I finally sat down to do something I’ve been putting off for a long time.  Write my synopsis.  Writing the book was pretty easy.  Revising even easier.  Writing the query was hard, but I already kind of knew how I wanted that to look.  The synopsis?  Sucks.  It is by far the most difficult part of writing, for me anyway.  My synopsis and I have been in a Mexican standoff, just glaring at each other, daring the other to make the first move.  More than anything I want to draw my weapon and take it down, but every time my hand twitches the synopsis grabs its gun first rendering me immobile, paralyzed with fear (i.e. I start writing, hit a wall, and surf the internet until I’m bored, then try it again and repeat the sad process). If you aren’t familiar with how this works, let me break it down for you.

You sit down and write a book.  There are all these characters and events that come together to support your main character.  Plot lines interweave and converge.  Characters grow and evolve.  All leading up to the climax where everything fits together.  You end up with several thousand words (mine is currently about78,000), which is inevitably too many.  So you send the manuscript to beta readers.  They read it and, if they’re good, tell you what stinks and what works.  Which characters they loved, hated, or both.  You rework elements of the plot, add and remove characters, cut those nasty adverbs, and whip your manuscript into shape.  Some writers go through several rounds of betas.  There really isn’t a set number; you go through as many as are needed.  Stephen King has said he only writes the first draft, edits, and then is good to go. (Le sigh, if only we could all write like Stevie, eh?).  After all of this, you should have something you’re proud of.  A book you enjoy.  Thus you begin to query and hope someone else enjoys it too.

Unfortunately, some of those agents you email don’t just want a query.  They want a synopsis as well.  A one to two page overview of your entire book.  You have to take the whole story, all the characterization, voice, growth, and plot, all 78,000 words, and boil it down to about 1,000.  That means ditching plot threads and teasing out the main one.  Pretending supporting characters don’t exist unless they’re absolutely necessary.  Oh, and it has to flow, sound like your book, and be good enough that an agent wants more.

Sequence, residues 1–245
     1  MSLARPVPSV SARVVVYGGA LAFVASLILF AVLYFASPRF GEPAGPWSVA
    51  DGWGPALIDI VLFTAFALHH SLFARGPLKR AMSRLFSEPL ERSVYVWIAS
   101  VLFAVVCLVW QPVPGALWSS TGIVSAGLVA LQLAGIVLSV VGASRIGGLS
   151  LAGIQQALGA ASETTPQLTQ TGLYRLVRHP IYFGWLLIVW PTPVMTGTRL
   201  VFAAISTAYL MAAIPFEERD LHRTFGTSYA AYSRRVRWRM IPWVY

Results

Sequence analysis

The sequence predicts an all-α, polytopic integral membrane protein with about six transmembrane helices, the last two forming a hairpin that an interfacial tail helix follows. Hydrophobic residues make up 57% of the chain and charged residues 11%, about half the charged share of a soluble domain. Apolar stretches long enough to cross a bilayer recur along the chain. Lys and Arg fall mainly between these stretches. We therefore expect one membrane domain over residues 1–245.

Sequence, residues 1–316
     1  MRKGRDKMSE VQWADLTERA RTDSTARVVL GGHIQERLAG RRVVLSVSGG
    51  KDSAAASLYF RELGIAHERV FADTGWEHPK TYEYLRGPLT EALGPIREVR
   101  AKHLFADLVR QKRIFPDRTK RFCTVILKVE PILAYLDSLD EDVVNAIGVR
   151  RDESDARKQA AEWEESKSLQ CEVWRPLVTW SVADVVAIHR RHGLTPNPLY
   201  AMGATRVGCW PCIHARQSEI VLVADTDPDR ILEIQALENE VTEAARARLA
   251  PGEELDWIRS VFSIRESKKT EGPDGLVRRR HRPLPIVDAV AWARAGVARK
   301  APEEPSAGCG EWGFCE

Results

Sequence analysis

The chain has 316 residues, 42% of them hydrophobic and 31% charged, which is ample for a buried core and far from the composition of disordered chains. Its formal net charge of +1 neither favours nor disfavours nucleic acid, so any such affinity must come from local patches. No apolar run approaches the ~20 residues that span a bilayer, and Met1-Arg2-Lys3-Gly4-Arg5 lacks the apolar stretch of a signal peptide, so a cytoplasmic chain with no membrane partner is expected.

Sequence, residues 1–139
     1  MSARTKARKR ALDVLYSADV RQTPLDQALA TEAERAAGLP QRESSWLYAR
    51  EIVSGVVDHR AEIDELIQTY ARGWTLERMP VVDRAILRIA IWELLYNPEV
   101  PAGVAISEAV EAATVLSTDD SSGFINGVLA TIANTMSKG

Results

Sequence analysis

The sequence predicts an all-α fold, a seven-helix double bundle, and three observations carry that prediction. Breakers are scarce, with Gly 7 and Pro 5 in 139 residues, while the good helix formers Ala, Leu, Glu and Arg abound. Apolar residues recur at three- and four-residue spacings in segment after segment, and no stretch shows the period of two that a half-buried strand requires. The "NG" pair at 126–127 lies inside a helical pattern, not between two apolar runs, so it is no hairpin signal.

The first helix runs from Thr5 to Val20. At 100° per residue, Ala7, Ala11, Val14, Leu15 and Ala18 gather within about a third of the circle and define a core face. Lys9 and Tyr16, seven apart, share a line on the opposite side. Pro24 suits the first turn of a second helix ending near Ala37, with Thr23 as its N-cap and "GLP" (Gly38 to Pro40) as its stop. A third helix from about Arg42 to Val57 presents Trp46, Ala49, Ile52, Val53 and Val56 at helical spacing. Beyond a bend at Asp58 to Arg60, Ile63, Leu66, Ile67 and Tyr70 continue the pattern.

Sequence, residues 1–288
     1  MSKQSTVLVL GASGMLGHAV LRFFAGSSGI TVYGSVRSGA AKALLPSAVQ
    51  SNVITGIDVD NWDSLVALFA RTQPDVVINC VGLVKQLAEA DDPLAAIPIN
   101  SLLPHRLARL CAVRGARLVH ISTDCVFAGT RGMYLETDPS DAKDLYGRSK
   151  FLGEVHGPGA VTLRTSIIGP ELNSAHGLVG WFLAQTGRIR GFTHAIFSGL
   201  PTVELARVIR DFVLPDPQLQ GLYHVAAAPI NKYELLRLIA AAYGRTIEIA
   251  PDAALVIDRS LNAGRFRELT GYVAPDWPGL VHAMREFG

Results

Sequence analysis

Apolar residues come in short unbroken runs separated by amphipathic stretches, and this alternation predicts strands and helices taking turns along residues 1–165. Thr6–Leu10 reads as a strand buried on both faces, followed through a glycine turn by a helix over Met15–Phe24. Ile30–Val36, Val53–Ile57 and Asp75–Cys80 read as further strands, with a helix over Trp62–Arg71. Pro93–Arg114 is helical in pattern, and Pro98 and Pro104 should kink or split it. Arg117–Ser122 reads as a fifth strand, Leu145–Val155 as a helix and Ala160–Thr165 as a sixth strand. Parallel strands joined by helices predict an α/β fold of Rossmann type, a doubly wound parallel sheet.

If this sounds easy to you, then please, by all means contact me and help me with mine.  For most writers I know the synopsis is the most painful part of writing.  I’ve written dozens of drafts and finally gotten one I think is coherent enough for critiques.  I finally got my plot condensed into a page, only to get feedback that it lacks voice.  The critiquer is right.  It tells the story, but it doesn’t give the feel of my story.  So, it’s back to the drawing board.  I’ll take what I have and rework it some more to infuse my voice.  And if it doesn’t work?  If I send it out to every agent I can find and no one wants it?  Well, then I’ll keep writing my current work in progress, revise, write a query, and then once again face my nemesis: the synopsis.  I’ll do it over, and over, and over until I have something that someone wants to publish.

How do you handle your synopsis?  Do you put it off as long as possible, or do you get it done and out of the way?  How do you keep from getting the synopsis blues?

UPDATE: I think I’ve finally beaten it!…okay, I came up with something that I’m sure could be better but I’ve gotten it in pretty good shape.  There are always ways to improve your writing, but at some point you have to step away.  It’s like knitting (which I tried once for a brief period several years ago…it didn’t last long…for good reason).  You work the yarn, knit and purl (still not too sure what that means), undo the parts you really screwed up and rework it, until you finally have something done (in my case a potholder or bookmark or in one instance a doll scarf that was supposed to be a potholder but went miserably awry).  You look at it and think, “not bad, it could be better though.”  Here’s the thing: the more you un-stitch (or whatever it’s called in knitting- I was seriously bad!), the more it messes up the yarn and it looks worse and worse every time you try to fix it.  So it’s better to just step away.  I’m at that point with my synopsis, and I’m totally okay with it!